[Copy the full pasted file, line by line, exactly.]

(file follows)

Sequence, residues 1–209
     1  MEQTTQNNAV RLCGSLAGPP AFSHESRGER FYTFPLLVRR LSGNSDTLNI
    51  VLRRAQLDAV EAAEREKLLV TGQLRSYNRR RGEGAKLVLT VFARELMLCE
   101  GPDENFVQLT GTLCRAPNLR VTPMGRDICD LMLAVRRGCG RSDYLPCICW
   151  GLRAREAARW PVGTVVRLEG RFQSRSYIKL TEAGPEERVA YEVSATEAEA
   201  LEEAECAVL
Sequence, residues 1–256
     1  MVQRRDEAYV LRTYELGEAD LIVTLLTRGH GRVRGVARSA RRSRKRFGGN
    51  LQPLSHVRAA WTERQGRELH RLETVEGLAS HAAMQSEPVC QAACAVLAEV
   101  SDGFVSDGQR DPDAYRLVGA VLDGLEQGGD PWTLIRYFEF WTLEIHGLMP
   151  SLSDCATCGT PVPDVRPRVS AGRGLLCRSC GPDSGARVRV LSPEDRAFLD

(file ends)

Sequence, residues 1–209
     1  MEQTTQNNAV RLCGSLAGPP AFSHESRGER FYTFPLLVRR LSGNSDTLNI
    51  VLRRAQLDAV EAAEREKLLV TGQLRSYNRR RGEGAKLVLT VFARELMLCE
   101  GPDENFVQLT GTLCRAPNLR VTPMGRDICD LMLAVRRGCG RSDYLPCICW
   151  GLRAREAARW PVGTVVRLEG RFQSRSYIKL TEAGPEERVA YEVSATEAEA
   201  LEEAECAVL
Sequence, residues 1–256
     1  MVQRRDEAYV LRTYELGEAD LIVTLLTRGH GRVRGVARSA RRSRKRFGGN
    51  LQPLSHVRAA WTERQGRELH RLETVEGLAS HAAMQSEPVC QAACAVLAEV
   101  SDGFVSDGQR DPDAYRLVGA VLDGLEQGGD PWTLIRYFEF WTLEIHGLMP
   151  SLSDCATCGT PVPDVRPRVS AGRGLLCRSC GPDSGARVRV LSPEDRAFLD